Nicolas Sarkozy has now counterattacked in l'affaire des écoutes. He compares France under Hollande, Taubira, and Valls to East Germany under Honecker and the Stasi or to a Third World dictatorship in which the dictator places his political rivals under surveillance. He complains that "world leaders" who might otherwise solicit his advice about this or that will now hesitate because they know his phones are tapped. He says nothing substantive about the various allegations of corruption, subornation of malfeasance, etc., that led to his being placed under surveillance, except that if his lawyer did contact the "respected jurist" who is believed to have leaked investigative documents without authorization, it was only to "seek advice" about how to defend his client from "a friend of thirty years' standing." Nor does he say that there was anything irregular about the procedures under which the taps were approved.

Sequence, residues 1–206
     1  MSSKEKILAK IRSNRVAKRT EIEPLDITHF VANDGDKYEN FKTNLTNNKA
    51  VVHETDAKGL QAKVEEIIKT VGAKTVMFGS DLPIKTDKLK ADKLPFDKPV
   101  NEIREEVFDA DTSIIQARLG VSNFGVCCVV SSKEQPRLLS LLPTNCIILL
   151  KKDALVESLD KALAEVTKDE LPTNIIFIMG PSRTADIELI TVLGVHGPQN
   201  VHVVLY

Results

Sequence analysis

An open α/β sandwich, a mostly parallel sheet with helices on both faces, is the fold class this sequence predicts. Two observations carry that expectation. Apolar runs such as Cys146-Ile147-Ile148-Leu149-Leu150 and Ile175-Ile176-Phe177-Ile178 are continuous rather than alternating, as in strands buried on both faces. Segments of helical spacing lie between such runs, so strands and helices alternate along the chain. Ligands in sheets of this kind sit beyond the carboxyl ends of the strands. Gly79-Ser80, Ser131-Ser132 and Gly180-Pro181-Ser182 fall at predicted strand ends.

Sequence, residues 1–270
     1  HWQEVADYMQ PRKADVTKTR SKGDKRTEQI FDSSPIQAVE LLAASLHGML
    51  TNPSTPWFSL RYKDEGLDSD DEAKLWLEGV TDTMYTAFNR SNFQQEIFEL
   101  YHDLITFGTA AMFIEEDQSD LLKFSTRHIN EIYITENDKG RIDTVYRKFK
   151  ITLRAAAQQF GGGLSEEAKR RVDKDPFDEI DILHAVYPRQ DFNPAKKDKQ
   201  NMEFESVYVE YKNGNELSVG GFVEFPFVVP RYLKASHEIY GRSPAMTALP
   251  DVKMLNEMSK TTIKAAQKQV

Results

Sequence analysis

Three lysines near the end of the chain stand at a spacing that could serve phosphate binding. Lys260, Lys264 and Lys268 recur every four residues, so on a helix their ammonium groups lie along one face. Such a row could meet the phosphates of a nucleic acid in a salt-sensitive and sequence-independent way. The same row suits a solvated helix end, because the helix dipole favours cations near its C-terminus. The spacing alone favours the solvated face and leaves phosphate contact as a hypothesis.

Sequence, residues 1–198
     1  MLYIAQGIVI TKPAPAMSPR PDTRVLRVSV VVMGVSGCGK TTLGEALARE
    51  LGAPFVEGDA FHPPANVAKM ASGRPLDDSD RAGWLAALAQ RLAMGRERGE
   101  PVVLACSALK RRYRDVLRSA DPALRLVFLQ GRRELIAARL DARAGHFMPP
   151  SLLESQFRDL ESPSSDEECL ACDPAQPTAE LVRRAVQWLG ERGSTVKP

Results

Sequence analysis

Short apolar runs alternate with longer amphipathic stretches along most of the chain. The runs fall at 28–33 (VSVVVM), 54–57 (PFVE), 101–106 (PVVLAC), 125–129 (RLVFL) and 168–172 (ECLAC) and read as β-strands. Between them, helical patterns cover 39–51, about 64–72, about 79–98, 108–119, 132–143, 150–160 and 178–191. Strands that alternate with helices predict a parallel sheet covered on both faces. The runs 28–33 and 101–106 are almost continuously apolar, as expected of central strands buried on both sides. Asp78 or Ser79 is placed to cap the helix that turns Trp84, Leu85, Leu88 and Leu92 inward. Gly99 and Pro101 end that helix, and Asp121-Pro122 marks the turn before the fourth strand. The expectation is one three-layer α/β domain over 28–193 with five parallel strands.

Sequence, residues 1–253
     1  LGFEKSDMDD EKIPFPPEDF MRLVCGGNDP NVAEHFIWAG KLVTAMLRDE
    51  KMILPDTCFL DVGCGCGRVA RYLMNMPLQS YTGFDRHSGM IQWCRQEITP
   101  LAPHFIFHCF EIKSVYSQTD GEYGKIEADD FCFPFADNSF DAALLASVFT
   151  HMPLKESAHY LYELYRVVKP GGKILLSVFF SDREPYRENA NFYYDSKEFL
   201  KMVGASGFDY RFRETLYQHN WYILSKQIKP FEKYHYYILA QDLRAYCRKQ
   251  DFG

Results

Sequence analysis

What to say about all this? I don't think allegations of corruption should be tried in the press or the blogosphere. I don't know if M. Sarkozy is guilty of the alleged crimes. I don't know if there were political motives behind any of the numerous investigations in which he is involved. I don't think the government has handled its public relations in this affair very well at all, but that is hardly the same thing as accusing it of breaking the law. And having said that, I will await further developments. There will be no shortage of loud and ill-informed voices speaking out on these matters, and I'd prefer not to be one of them.